There is a concept in Japanese garden design that is referred to as ‘hide or reveal’. Stone paths guide the way for contemplative strolling, weaving intricate routes that shake off any sense of orientation. The stones direct how the garden is viewed; uneven surfaces and irregularly spaced sections draw eyes to the ground and easier terrain prompts walkers to look up at the best vantage points.
Peter Coffin’s untitled installation for The Curve has something of this ‘hide or reveal’ principle about it. The architecture of the space is exaggerated by a 16-channel, panoramic video projection showing a 360-degree aerial view of Japanese gardens. The film occupies the 90-metre outer arc of the gallery, but the continuity of the image is disrupted by dark seams between each projection and sharp variations in colour. The view pivots, dips and rises, panning across the landscape at a changeable rate, occasionally dissolving from one scene to the next. Clumps of foliage map out a fluffy topography with winding stone paths and arched wooden bridges. Trees and shrubs become mirrored by pond water, the ground appears to rise and fall, and the horizon slips in and out of view, making it difficult to gain perspective. Directional speakers are positioned about the space so that sounds are encountered suddenly. Thirteen pairs of spot-lit plinths punctuate the darkness. Sound and image seem vaguely, atmospherically, compatible but there is nothing to tie the two together. Coffin seems intent on disorientating, distracting and diverting. The work alternates between eliciting concentration and confusion.
Coffin worked with the mathematician Philip Ording to render three-dimensional prototypes of objects that have been scanned and distorted according to geometrical or optical fancy. On the plinths there are familiar objects and their mathematically altered counterparts. A piece of driftwood is mirrored, a human skull is turned inside out, a scholar’s stone has its formal idiosyncracies averaged out and a bunch of plastic flowers is inflated by offsetting its points with a sequence of half millimetre intervals until it reaches the ‘twentieth parallel’. These dull, stone-coloured articles look like designs from a science fiction film. The mathematical law exercised on the objects, the coupling of industrial design with natural material and the aesthetic quality of the sculptures draw associations with the influence of biomechanics on modernist art and architecture.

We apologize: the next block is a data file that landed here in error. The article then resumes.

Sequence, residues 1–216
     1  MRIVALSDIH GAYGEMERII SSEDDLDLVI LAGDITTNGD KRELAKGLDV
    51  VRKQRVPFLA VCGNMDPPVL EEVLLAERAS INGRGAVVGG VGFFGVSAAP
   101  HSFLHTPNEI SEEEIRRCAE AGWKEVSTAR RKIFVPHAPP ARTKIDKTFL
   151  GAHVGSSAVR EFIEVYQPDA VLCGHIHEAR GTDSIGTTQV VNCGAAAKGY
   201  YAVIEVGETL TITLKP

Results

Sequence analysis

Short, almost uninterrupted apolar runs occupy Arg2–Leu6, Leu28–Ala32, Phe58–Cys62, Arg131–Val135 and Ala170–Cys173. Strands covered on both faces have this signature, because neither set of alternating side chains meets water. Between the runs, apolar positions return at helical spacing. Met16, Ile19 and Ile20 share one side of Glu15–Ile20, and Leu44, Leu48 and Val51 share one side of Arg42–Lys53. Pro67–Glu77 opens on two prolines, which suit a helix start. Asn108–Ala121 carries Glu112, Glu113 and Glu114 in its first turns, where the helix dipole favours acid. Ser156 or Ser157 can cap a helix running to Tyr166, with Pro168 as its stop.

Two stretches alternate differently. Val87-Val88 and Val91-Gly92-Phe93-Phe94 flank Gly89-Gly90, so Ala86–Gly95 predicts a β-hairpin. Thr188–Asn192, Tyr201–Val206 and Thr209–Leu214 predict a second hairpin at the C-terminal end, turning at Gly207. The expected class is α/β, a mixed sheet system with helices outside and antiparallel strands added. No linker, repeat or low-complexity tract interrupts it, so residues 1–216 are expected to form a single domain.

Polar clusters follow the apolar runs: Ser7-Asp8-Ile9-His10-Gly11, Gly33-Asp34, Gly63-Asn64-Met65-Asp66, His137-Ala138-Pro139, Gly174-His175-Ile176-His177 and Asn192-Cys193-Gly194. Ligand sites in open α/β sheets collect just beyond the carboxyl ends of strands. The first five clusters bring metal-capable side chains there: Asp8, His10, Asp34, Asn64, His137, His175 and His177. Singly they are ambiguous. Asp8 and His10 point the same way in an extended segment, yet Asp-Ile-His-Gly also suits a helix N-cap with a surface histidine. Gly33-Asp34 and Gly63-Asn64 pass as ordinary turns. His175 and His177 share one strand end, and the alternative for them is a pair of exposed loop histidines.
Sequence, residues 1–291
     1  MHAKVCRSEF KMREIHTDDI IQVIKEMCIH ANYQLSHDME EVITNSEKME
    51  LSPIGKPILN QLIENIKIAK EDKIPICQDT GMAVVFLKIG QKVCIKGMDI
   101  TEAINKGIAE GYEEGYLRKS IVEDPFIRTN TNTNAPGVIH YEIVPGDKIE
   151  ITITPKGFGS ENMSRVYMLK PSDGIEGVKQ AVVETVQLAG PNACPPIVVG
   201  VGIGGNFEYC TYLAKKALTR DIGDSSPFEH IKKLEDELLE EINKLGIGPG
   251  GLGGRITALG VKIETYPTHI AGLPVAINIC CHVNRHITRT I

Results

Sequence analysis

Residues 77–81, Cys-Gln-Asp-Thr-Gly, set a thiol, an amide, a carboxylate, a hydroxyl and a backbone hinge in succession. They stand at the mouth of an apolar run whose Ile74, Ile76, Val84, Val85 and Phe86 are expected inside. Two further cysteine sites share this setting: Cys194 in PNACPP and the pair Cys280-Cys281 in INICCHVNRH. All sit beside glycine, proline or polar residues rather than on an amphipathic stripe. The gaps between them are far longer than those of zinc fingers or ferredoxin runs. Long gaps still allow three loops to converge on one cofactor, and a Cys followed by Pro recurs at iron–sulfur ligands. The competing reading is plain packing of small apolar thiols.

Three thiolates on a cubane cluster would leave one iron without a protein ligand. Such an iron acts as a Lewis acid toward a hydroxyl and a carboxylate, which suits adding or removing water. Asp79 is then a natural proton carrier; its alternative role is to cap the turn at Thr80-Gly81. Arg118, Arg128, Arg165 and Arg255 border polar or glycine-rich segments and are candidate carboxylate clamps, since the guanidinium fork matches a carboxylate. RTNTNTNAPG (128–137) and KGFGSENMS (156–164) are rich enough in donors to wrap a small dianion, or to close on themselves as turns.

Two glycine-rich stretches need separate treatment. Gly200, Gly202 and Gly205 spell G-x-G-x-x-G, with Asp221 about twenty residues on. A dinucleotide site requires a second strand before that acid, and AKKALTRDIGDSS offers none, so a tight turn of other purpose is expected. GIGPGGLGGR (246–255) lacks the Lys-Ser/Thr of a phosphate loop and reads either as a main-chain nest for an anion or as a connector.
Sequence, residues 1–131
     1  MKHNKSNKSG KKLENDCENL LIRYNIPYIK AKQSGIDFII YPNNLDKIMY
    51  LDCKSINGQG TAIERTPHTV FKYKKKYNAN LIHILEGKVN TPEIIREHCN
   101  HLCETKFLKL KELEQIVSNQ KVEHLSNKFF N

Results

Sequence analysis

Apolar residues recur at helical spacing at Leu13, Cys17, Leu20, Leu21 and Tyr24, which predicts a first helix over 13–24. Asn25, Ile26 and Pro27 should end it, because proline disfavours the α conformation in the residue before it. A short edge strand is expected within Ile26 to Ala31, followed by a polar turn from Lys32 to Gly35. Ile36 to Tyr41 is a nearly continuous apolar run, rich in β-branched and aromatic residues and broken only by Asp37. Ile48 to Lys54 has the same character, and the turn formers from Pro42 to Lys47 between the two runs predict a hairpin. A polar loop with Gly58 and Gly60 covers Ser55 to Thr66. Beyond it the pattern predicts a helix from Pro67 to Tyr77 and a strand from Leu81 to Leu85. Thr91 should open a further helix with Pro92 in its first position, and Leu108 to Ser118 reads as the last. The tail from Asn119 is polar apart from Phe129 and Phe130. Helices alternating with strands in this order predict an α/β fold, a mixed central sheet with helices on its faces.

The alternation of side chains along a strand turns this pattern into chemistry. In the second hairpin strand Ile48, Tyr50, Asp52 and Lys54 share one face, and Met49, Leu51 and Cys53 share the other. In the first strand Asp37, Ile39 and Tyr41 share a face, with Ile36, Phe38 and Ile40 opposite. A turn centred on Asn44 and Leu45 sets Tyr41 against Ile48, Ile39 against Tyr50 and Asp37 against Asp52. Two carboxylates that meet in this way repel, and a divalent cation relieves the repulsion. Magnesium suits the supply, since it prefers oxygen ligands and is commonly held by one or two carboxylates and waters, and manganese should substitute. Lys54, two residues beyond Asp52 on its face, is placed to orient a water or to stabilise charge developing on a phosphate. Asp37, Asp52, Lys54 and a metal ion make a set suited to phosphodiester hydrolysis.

Some of Coffin’s objects – the starfish, pine cone and conch shell, for instance – look as if they could have been chosen with images from D’arcy Wentworth Thompson’s book On Growth and Form (1917) in mind. Thompson’s analyses of organic matter, his dissection of structural and mechanical efficiency in cellular organisms or the shapes of bone or shell were invoked as universal truths of nature made manifest in modern engineering and design. Literature such as Lewis Mumford’s Technics and Civilization (1934) and the 1937 International Constructivist publication Circle (edited by Naum Gabo, Ben Nicholson and the architect Leslie Martin) included imagery that resembled the diagrams in Thompson’s book.
Coffin turns scientific intelligence and technology not towards efficiency and utility but to invent a series of impressive follies. Numeric patterns that might have once been seen to contain the code for evolutionary progress are made animate by a digital process that seems hell-bent on novelty. There is a counter-enlightenment preoccupation with distorting the facts; applying reason in its purest form to indulge a winsome curiosity. He chooses objects that are vaguely symbolic of a dysfunctional slacker persuasion (a crumpled beer can), Zen identification (the scholar’s stone) or Gothic romance (the skull or a candle dripping with wax). Similarly there are objects that refer to mathematics (a compass) and optics (a Polaroid camera) in a distinctly unscientific, low-tech way. In fact, everything looks as if it could have been comfortably sourced at a suburban garage sale. It’s a fairly comprehensive array of bric-a-brac, from bookcase memento mori to the more random loot from a walk in the countryside.
At the periphery of Coffin’s work, there are abstract concepts belonging to both rational and irrational thought. They are kicked from dormancy, loosed from familiar, domestic objects and experiences to be ‘revealed’ one at a time. He is able to make the unbelievably naff appear fantastically profound. Above the ambient soundtrack, at certain dark points along The Curve, an eerie whistling can be heard, as if some strange melody is heralding an Elysian fantasy unfolding ahead. Nothing quite so baroque occurs within Coffin’s work, but the disembodied sound falls out at intervals like something exhumed from the Victorian supernatural. His work suggests an unrelenting enthusiasm for a timeworn concept of wonder and a will to pursue it in all manner of ways.